Fenway could still do better, of course. Jackie Douglas, the director of Boston’s LivableStreets Alliance, suggested that high-quality bike parking, perhaps along the model of the bike cages the MBTA is installing at transit stations, would help people ride to the game. She also hoped to see the Red Sox use their massive popularity to actively promote riding transit, walking, or biking to the game.

In Nelson’s presentation, he suggested that bundling transit passes with game tickets, giving priority street access to buses in the area, and providing shuttles from non-adjacent transit lines could also help boost transit ridership higher on game nights.

Still, the progress at Fenway has been very real. Said Douglas, “The T is definitely packed.”

Tonight’s public forum on the Atlantic Yards project gets underway at 7 p.m. at Atlantic Common, 388 Atlantic Avenue, between Hoyt and Bond. Stay tuned for more ideas on how the site can be as transit-oriented and pedestrian-friendly as possible.

  • Danny G

    Hopefully the zoning laws that mandate parking minimums will be repealed between now and the day when that parking lot becomes hi-rise luxury condominiums.

  • BK Bro

    I live, literally, in the shadow of the Barclay center, not more than 200 yards from the site. I don’t park on the street (or drive) and I believe that there *should* be extra parking built to service this site. The fact is there a significant amount of traffic that will not or cannot use transit and I’d rather they have somewhere to park rather than endlessly circling my Fort Greene neighborhood. My block is already a convenient cut-through from Atlantic and Flatbush to Fulton and Lafayette, I’d rather it not be any worse.

    As it is, I’ll have a steady stream of people walking down Portland Ave from the C & G trains that will carry thousands of fans to/from the stadium. I’m sure they’ll be good for business on my corner. There may be new/more bars in the area to go to, etc.

    But we cannot pretend that demand for parking is always equal to the supply of parking. As it is now, we have parked-up neighborhoods and people still are circling endlessly to park. When we encourage a development to not build any parking, you’re simply foisting that parking demand (which might be smaller, but nonetheless still existant) onto neighbors like me that, one way or another, have already paid for/subsidized that parking. It’s not fair to the people that already built parking (perhaps in another time when ideas about parking were different) to have to support the additional demand while the new developments avoid that cost.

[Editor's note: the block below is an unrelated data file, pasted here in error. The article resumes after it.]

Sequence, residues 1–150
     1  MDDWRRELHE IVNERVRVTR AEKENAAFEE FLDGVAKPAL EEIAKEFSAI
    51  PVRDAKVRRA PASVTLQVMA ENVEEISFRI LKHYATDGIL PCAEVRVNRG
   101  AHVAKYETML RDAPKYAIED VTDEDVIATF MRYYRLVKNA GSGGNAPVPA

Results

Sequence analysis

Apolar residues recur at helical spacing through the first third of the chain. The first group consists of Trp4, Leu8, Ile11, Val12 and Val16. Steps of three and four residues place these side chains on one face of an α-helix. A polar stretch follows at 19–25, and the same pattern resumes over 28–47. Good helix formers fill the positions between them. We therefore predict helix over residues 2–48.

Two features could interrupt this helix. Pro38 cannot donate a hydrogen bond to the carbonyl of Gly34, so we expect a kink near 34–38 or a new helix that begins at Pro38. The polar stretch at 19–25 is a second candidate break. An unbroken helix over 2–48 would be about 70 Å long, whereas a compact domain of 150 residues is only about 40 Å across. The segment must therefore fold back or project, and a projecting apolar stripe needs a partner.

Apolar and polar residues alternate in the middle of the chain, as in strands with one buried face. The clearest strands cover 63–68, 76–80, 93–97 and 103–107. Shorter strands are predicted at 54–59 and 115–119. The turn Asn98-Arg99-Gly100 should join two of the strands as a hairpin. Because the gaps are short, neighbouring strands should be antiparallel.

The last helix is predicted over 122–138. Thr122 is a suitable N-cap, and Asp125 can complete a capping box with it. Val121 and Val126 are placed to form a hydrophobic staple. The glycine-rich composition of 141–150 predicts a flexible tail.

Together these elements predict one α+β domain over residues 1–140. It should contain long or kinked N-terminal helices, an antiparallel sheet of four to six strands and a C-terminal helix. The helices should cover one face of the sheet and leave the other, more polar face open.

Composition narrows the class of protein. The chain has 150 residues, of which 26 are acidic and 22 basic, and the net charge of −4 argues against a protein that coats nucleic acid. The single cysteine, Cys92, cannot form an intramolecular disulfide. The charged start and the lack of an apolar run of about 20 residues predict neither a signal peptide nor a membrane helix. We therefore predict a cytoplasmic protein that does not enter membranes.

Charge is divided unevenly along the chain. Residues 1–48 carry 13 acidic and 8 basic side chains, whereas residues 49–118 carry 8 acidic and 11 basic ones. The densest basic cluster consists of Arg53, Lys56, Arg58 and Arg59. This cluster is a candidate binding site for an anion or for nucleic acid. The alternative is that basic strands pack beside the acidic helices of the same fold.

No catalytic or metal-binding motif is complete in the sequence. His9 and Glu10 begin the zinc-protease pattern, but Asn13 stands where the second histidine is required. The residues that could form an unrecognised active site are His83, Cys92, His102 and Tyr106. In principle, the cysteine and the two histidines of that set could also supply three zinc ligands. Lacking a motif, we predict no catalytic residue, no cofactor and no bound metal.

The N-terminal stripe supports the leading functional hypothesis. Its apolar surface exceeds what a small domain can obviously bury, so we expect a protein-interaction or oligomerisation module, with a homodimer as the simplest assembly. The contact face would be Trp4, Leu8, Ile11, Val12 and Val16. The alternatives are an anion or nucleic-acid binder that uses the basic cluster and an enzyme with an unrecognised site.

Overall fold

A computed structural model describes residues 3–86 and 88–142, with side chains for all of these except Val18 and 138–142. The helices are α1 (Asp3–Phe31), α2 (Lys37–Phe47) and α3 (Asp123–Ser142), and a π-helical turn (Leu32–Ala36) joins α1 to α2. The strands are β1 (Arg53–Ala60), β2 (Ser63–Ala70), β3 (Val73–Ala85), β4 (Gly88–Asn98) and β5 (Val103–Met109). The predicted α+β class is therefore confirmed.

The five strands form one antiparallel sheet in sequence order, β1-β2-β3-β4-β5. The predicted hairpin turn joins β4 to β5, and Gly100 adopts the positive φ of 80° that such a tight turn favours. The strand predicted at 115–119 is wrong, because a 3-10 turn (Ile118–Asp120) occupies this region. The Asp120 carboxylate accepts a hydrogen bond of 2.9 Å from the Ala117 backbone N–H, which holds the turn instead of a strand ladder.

• BK Bro

    Additionally, I’d be very impressed if anyone could “kill street life” along Atlantic avenue, considering that the current street life is stone-cold zero.

  • BK Bro

    Additionally, I’d be very impressed if anyone could “kill street life” along Atlantic avenue, considering that the current street life is stone-cold zero.

  • Shemp

    The Brooklyn site should be much more transit-oriented than MSG.   Despite Penn Station, MSG has pretty good highway access with the West Side and Lincoln Tunnel, as well as the resulting cottage industry of Garden Parking west of 8th Ave.   The Ratner site probably has about the worst highway access in NYC.   

  • Shemp

    Unfortunately the ESDC jurisdiction exempts the Ratner site from city zoning, so even if parking/zoning policy gets better, it won’t affect this project.  

  • Snuffelufagus

    BK, you’re right that parking demand is going to outstrip supply and lead to some block-circling, but that’ll be true whether or not they add another 1,000 on-street spaces.  We’re talking about a stadium with a capacity of 18,000.  Add 1,000 parking spaces and you’ll get 1,000 more cars, some of which will still wind up circling the block looking for spaces.

  • Snuffelufagus

    BK, you’re right that parking demand is going to outstrip supply and lead to some block-circling, but that’ll be true whether or not they add another 1,000 on-street spaces.  We’re talking about a stadium with a capacity of 18,000.  Add 1,000 parking spaces and you’ll get 1,000 more cars, some of which will still wind up circling the block looking for spaces.

  • car free nation

    I disagree, and I live in the shadow of the arena as well. The problem with 1,100 spots is that drivers might want to play the lottery to get a spot, and most nights more than 1,100 cars will arrive. If it’s known that there are no spots, then fewer people will try.